“It is beginning to become a serious situation nationwide at least in the grain crops — those that produce corn, soybeans, wheat,” said Allen Featherstone, head of the Department of Agricultural Economics at Kansas State University.
While the federal government shutdown delayed reporting, January figures show an overall rise in delinquencies for those producers with direct loans from the Agriculture Department’s Farm Service Agency.
Nationwide, 19.4 percent of FSA direct loans were delinquent in January, compared with 16.5 percent for the same month a year ago, said David Schemm, executive director of the FSA in Kansas. During the past nine years, the agency’s January delinquency rate hit a high of 18.8 percent in 2011 and fell to a low of 16.1 percent when crop prices were significantly better in 2015.
While those FSA direct loan delinquencies are high, the agency is a lender of last resort for riskier agricultural borrowers who don’t qualify for commercial loans. Its delinquency rates typically drop in subsequent months as more farmers pay off overdue notes and refinance debt.
In Nebraska, loan delinquencies are also up, but rates have remained below the national numbers, according to data provided to the Tribune by the Nebraska USDA Farm Service Agency.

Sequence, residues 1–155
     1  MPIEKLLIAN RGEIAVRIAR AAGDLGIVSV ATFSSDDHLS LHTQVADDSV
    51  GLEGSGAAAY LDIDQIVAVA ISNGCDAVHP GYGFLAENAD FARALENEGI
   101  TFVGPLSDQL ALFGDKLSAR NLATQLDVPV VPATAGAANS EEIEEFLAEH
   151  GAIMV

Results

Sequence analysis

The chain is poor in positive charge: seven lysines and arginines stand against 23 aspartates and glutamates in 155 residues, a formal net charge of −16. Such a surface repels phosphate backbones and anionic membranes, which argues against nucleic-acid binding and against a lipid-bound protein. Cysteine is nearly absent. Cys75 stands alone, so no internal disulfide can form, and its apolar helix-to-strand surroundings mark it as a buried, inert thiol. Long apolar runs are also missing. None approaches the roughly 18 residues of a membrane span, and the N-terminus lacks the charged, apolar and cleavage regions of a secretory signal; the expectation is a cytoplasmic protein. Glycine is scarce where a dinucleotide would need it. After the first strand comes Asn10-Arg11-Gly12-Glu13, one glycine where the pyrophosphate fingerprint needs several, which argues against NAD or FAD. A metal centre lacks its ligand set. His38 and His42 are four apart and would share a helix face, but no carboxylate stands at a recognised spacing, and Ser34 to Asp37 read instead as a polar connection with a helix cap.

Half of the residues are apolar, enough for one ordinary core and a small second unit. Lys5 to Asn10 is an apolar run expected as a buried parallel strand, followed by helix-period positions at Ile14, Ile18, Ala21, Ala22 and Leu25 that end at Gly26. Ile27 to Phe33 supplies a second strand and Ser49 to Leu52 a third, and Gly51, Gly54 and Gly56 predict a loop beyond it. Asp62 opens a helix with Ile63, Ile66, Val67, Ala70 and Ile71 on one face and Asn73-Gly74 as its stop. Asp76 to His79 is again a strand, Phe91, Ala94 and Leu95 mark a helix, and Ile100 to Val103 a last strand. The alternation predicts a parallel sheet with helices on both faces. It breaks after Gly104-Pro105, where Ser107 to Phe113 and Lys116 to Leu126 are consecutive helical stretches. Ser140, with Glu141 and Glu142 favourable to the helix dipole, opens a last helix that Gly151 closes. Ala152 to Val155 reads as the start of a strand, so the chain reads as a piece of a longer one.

Statewide, about 13.7 percent of direct farm loans were delinquent through Jan. 31, up from about 11 percent in 2018. Dodge County, too, saw an increase. About 9.8 percent of direct farm loans in the county were delinquent in January, compared to 4.7 percent last year.
With today’s low crop prices, it takes high yields to mitigate some of the losses and even a normal harvest or a crop failure could devastate a farm’s bottom line.
Many bankers also are concerned about farm conditions. Several of the Nebraska bankers interviewed for the most recent Ag Credit Survey from the Kansas City Federal Reserve, released Feb. 14, said they expect farmers to have to refinance loans or sell assets to increase working capital and shore up debt and liquidity positions.